This child is moving along through the math curriculum (she is a Kindergartner) and is ready for slightly more abstract materials. She has used the golden beads for the operation of addition and has now been introduced to the Stamp Game. Here she uses small tiles which represents units, tens, hundreds and thousands. In a similar way to the golden beads, two addends are written, here in colored pencil which coordinates with the tiles. She puts the first addend down on the table. (She likes to line up the tiles perfectly with the ruler- this is something she did on her own.)
The second addend is placed below the ruler. Once the addends are double checked, the ruler is removed and we slide the tiles up together.
The tiles are then counted by moving them down slightly. We always begin in the units. This way if we go up to ten, we change ten green unit tiles in for a blue one and put it in the appropriate column.
The sum is then recorded on the sheet.
For the older children, they have progressed through many of the other math materials and have moved onto golden beads. Again this is an amazing Montessori material that teaches units (ones), tens, hundreds and thousands concretely. We have many exercises that begin with teaching the quantity then the symbol and finally matching quantity with symbol. Once they understand this we move onto the operations beginning with addition without change.
Once the child understands this concept, we begin addition with change or dynamic addition. Here the child realizes they have to go to the “bank” and change 10 unit beads for a ten bead bar and carry it over into the tens column. From here we actually move to multiplication as it is really just “fast adding!” Stay tuned!
Once the child has gone through the sequence we call the “first five” of the Montessori maths materials, we move onto other aspects of math. The first five helps the child understand the concepts of 1:1 correspondence, the idea of zero and matching the symbol to the quantity of 1-10. One of the directions to go is to introduce the Short Bead Stair. This helps to reinforce the quantities 1-9 and to prepare the child for the operations of addition and subtraction. Many works are completed to familiarize the child with the short bead stair and the children enjoy working with the beautiful colorful beads.
We place a set of beads and the child counts with their fingertip or the tip of a pencil. They then write the number in the first slot. For some, as they can be only three, they need help writing so we use a dotted stamp for them to trace. For most, they love to stamp the numeral too. We then place the second addend on the green felt. They count this as well and write the number. We then show them how to put the beads together and add up with the fingertip or a pencil and write the “sum” in the box.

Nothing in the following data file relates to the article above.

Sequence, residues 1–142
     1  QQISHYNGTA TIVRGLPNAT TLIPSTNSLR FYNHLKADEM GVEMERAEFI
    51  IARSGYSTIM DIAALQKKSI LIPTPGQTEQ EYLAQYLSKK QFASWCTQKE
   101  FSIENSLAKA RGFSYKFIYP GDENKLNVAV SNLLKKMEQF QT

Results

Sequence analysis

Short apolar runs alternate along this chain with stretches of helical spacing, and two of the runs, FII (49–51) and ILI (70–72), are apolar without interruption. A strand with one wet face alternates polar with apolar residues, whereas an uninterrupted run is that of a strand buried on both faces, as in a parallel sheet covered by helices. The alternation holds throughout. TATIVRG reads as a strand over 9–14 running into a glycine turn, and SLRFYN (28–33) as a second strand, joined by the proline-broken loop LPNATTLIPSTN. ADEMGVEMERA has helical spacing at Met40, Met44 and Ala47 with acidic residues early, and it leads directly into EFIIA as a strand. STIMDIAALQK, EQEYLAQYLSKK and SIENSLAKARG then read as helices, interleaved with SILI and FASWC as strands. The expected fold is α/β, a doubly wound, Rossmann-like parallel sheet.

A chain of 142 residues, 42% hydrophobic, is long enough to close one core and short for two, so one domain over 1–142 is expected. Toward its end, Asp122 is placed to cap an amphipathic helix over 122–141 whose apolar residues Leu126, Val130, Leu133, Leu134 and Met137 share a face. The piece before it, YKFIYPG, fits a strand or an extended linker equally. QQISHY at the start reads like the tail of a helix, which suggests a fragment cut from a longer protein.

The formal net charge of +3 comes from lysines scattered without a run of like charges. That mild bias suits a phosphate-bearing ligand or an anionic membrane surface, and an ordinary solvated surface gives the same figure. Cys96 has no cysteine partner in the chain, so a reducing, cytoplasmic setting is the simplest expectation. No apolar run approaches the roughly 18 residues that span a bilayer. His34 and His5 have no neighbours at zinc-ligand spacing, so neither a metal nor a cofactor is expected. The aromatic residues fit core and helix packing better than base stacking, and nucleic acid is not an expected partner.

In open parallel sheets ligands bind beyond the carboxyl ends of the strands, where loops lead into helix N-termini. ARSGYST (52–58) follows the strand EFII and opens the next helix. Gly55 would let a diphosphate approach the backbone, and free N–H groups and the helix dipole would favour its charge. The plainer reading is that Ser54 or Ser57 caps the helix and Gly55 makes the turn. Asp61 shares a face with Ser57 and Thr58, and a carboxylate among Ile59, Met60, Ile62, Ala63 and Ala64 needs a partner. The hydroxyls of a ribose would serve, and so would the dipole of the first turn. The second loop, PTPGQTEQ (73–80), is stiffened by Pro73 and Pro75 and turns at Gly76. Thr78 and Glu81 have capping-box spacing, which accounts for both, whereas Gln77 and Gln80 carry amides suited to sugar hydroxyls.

This is an example of how the Montessori math materials progress from concrete to abstraction in a specific sequence. The children really enjoy this activity and ask for it when they come to school. Many tell us, “I want to do math!”
Many of our children are very interested in math! They have entered their sensitive period for numbers and all things related (see post on sensitive periods). The Montessori materials follow the developmental sequence of the child when they become interested in math. We have heard many voices saying the numbers which is called rote counting. This is when a child can repeat the numbers because they have memorized them.
We have also seen some number recognition. This is when a child can visually identify the number which we call the symbol. (We use the sandpaper numerals.)
We are working toward 1:1 correspondence. This is when a child can match the quantity to the symbol, for example, the number four with four items. Once a child understands this concept, they are able to begin the mathmatical operation of addition.
1-1 correspondence up to 5- this is a good place to begin with those just entering into this type of activity
another 1:1 correspondence game with a die
table top number rods
Montessori cards and counters, matching quantity and symbol.
If your child is interested in numbers, take a few pinecones or leaves and count them. In the beginning we may need to touch the object with our finger or four can become six. The children are used to rote counting which can go faster than the finger can move. If we stop on each one as we count, it reinforces the 1:1 correspondence. Use refridgerator magnets as numerals and count pieces of fruit in the kitchen. Place the number next to the amount. There are many different activities you can do to help your child learn this concept. As always, we never push the child to do work if they are not ready or interested. If they are showing you signs of readiness, count away!